Turning now to FIG. 3 there is shown an improved system making use of the teachings of the present invention, and which effectively supplants prior art systems like that of FIG. 2. As before the demand for steam is reflected in the pressure of the stream, producing a signal which is transmitted through a pressure transducer 24 to controller 26. In response to the thus-produced signal the air flow controller 28 increases the air supply to the boiler 20, and controllers 38, 40 increase the flow of auxiliary fuels proportionally. Under the new conditions molecular oxygen in the flue gases will ordinarily change somewhat. This change is sensed by controller 34, which applies a setpoint signal to ratio station 32. The latter signal is combined with the signal from controller 26 to effect a change in the flow of the auxiliary fuels as described with respect to FIG. 2.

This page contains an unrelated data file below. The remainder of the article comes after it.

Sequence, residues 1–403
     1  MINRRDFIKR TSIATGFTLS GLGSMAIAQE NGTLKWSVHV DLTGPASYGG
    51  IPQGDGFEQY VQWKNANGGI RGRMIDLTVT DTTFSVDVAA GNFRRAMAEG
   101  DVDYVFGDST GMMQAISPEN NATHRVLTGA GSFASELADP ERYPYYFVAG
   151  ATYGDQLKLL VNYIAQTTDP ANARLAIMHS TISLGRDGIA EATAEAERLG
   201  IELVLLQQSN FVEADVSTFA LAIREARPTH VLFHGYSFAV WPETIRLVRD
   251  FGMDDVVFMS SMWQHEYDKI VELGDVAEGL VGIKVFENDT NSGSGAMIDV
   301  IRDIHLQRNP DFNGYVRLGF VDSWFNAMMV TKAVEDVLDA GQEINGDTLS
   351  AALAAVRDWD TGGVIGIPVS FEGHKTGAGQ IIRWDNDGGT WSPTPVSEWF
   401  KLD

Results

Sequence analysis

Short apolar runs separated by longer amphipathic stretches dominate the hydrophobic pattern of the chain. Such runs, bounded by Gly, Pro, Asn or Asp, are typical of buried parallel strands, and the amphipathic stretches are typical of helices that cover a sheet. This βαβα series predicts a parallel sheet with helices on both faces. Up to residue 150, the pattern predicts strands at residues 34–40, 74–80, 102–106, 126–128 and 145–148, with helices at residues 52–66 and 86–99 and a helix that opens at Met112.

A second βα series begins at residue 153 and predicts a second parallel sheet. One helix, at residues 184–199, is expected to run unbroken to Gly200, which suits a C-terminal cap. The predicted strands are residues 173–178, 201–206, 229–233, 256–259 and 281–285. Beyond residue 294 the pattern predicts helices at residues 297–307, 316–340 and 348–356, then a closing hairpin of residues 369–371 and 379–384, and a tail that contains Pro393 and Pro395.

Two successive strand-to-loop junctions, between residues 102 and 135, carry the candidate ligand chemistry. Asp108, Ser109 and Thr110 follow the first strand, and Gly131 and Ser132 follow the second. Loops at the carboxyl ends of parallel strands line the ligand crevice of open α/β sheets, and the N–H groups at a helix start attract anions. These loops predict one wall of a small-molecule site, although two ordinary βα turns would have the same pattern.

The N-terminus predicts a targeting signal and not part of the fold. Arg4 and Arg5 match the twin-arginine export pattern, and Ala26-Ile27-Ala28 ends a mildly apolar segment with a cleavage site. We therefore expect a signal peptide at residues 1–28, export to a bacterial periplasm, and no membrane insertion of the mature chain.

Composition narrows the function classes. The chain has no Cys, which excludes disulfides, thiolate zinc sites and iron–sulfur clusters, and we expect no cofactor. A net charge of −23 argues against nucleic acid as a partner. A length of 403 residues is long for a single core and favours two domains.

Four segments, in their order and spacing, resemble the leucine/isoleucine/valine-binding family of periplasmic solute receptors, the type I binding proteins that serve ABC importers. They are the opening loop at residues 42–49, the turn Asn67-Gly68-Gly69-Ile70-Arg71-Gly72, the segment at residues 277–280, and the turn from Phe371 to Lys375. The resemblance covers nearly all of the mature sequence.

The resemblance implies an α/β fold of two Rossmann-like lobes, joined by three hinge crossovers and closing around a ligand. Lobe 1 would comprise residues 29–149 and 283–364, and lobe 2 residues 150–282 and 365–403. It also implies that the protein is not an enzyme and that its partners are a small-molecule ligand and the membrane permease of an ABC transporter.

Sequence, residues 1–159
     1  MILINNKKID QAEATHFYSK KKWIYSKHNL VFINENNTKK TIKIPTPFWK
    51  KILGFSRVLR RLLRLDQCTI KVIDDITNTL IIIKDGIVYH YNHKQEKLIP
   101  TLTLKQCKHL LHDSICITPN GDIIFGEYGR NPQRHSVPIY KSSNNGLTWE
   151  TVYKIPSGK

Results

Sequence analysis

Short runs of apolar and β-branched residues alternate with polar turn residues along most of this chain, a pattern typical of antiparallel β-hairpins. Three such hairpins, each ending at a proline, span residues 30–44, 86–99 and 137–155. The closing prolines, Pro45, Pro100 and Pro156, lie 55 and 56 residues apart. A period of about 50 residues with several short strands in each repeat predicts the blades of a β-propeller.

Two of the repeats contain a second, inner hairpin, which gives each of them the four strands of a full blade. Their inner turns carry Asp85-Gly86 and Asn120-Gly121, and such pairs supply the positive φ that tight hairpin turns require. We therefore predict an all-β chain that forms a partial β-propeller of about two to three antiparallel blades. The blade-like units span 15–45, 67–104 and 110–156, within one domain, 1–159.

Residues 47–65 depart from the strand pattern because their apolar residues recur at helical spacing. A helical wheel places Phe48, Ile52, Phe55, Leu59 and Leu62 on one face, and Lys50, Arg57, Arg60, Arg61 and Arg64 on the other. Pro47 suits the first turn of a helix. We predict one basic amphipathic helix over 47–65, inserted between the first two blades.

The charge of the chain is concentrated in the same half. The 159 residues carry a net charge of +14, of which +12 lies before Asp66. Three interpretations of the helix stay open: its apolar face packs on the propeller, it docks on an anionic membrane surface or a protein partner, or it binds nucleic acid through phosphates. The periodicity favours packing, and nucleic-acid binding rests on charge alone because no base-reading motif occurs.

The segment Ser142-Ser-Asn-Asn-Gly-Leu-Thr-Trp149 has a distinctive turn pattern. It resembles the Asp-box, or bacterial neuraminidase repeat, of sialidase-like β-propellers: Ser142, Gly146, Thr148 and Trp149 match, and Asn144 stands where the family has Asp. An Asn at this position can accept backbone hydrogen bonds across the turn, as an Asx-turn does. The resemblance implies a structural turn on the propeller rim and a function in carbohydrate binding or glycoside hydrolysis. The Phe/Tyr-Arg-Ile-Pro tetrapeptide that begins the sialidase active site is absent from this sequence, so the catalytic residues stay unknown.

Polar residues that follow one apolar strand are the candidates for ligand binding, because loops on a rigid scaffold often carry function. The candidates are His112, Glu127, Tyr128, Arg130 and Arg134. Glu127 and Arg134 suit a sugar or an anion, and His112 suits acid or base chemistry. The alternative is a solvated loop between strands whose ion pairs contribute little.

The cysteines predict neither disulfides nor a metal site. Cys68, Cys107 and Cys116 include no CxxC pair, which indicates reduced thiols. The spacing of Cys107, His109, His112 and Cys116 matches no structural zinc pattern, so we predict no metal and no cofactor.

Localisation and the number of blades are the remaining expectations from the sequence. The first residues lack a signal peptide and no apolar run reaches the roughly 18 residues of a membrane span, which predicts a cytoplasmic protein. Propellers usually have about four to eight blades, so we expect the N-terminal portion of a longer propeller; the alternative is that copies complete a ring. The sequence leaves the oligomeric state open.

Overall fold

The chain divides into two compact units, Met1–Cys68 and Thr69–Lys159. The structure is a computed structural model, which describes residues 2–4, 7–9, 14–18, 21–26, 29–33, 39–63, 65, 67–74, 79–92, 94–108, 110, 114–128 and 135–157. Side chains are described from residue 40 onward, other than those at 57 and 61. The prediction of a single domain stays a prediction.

With the embodiment of FIG. 3 the target input to controller 34 is produced by an oxygen target stage 46. The latter stage, along with a supervisory control 48, forms a regulator which varies the target oxygen value as changes occur in the total fuel stream flowing into the combustion zone.